i.c.stars Alumni Launch Entrepreneurial Social and Technology Ventures
Entrepreneurs and tech founders are latest in a long line of i.c.stars graduates driving innovation in Chicago

Chicago—March 23, 2017 i.c.stars today announced that three of its alumni started new programs in March, reinforcing the Chicago-based non-profit’s role in helping fuel the Chicago makers boom. Cylk Jackson, winner of i.c.stars’ Enterprise Next (Enext) lean startup challenge, was accepted into Code2040’s Entrepreneur in Residence program at Chicago tech and entrepreneurship center1871; Tiffany Mikell was accepted into 1871’s Wi-STEM – a curriculum-based program that connects women to capital, community, and technology resources – to develop her social learning platform; and Joe Harvey, co-founder of City Incite, a 501c3 non-profit organization, just launched expanded programming with YouthBuild, serving disconnected teens and young adults.

“i.c.stars has long planted the seeds of entrepreneurship through its focus on innovation and building,” said Sandee Kastrul, president and co-founder, i.c.stars. “Our core job skills training helps participants shift from consumer to creator. Building on this foundation, and on our social enterprise, we launched Enext, our lean start-up training and incubator for alumni in 2016. Cylk, Tiffany and Joe are wonderful examples of what i.c.stars can do for individuals and the Chicago tech community.”
Immediately after graduating from i.c.stars, Cylk Jackson worked as a scrum master and technical project manager in the financial and healthcare sectors. After a few years, his passion for music prompted him to participate in i.c.stars’ Enext alumni program, where he received lean startup training and incubated his music technology startup, StudiOasis.

“Enext is an invaluable learning experience for entrepreneurs,” said Jackson. “The lean startup guidance helps you find out quickly what works and what doesn’t. Moreover, the program has given me a great deal of confidence in my ability to run a business efficiently.”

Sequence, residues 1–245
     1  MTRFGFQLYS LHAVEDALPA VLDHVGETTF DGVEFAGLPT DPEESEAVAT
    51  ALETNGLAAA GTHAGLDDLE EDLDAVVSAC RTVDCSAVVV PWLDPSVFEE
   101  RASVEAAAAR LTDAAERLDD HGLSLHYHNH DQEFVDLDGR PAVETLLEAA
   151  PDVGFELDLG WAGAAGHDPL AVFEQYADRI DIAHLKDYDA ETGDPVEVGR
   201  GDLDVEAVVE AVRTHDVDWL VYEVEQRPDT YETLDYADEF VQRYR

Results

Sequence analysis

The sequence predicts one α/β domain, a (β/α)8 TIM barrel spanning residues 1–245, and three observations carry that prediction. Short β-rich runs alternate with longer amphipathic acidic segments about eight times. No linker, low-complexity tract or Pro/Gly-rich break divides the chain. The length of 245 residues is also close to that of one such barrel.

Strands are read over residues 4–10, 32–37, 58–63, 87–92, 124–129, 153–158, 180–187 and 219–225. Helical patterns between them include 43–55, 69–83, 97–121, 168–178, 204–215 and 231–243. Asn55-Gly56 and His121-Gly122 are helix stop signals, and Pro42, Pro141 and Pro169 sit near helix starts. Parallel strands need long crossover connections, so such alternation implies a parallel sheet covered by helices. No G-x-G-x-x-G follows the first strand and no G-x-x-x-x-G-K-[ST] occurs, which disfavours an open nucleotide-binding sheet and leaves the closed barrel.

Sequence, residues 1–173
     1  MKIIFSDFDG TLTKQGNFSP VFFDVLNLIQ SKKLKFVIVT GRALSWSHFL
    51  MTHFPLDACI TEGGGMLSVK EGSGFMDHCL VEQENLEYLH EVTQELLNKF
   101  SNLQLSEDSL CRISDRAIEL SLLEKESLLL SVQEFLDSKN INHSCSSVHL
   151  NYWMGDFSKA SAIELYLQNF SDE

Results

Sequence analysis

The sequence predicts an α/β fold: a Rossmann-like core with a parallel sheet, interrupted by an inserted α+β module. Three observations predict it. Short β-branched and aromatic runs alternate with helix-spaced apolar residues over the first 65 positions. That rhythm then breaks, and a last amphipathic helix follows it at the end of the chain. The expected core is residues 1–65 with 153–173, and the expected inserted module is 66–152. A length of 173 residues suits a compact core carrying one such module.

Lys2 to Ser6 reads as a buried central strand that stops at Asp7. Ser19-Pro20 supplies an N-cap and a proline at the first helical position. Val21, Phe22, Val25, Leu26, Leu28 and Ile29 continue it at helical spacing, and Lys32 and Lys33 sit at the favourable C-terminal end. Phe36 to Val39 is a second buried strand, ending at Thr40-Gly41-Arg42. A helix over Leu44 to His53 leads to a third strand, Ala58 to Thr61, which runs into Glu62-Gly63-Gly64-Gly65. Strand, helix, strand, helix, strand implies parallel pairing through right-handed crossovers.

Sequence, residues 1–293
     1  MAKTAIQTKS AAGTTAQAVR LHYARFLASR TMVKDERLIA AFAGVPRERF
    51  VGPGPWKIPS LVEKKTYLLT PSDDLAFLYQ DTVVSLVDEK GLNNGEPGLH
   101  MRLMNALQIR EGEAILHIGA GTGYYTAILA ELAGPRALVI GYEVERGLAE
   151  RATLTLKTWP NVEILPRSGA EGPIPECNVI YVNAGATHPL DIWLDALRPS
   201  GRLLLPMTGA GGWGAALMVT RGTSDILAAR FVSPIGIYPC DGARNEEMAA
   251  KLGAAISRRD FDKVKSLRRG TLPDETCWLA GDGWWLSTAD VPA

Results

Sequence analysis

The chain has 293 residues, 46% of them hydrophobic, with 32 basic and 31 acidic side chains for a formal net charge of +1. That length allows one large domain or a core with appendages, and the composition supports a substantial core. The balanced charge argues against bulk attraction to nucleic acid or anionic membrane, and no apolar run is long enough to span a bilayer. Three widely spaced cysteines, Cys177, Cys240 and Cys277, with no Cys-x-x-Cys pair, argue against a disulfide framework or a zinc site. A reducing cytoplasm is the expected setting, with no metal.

Selected for 1871’s Wi-STEM program – which has raised more than $7 million in funding for Chicago women entrepreneurs – Tiffany Mikell also started her career in the corporate tech world as a software engineer for Accenture. In 2015, Mikell cofounded AerialSpaces, an app for creating live immersive online learning environments. One of AerialSpaces’ first customers was Github, in collaboration with The White House’s ConnectHome digital literacy initiative — reaching over 27,000 low-income learners nationally. Mikell’s work has been featured in local and national media and she recently pitched AerialSpaces at the Technori startup showcase.

i.c.stars alumni are not only in the for-profit space. Social entrepreneur Joseph Harvey recently expanded the programming of the youth-serving nonprofit he cofounded, City Incite. In March, in partnership with Metropolitan Family Services, City Incite launched the Department of Labor-funded Metro YouthBuild Program to train 17 to 24 year olds in construction skills and leadership development. Harvey hired fellow i.c.stars alumnus Marcus Lee to help run the program.

“When I first applied for i.c.stars in 2008, I wasn’t sure what I wanted to do as a career,” said Harvey. “When Sandee told me about the commitment to create 1000 community leaders, I knew this was the place for me. i.c.stars has been the greatest resource in my personal development as a leader.”

The i.c.stars training program responsible for developing these entrepreneurs was made possible with support from the Workday Foundation, The Harry and Jeanette Weinberg Foundation and The Chicago Community Trust, among others. Beyond individual impact, i.c.stars is part of Chicago’s rich technology workforce and entrepreneurial ecosystem. Partners include Smart Chicago, Women Tech Founders, The Resurrection Project, MHub, Goodcity, and Black Tech Mecca, among others.

Formed in 1999, Inner-City Computer Stars Foundation (i.c.stars) is a Chicago-based nonprofit organization and social enterprise that prepares young adults for technology careers and community leadership. Using project-based learning and full-immersion teaching, i.c.stars has trained more than 360 individuals in Chicago, and places 90 percent of qualified graduates in jobs. Participants see their annual earnings increase by an average of 450 percent as a result of the program. In 2016, i.c.stars launched an affiliate in Columbus, Ohio, and created Enterprise Next, a lean startup incubator to jumpstart alumni businesses. Learn more at: www.icstars.org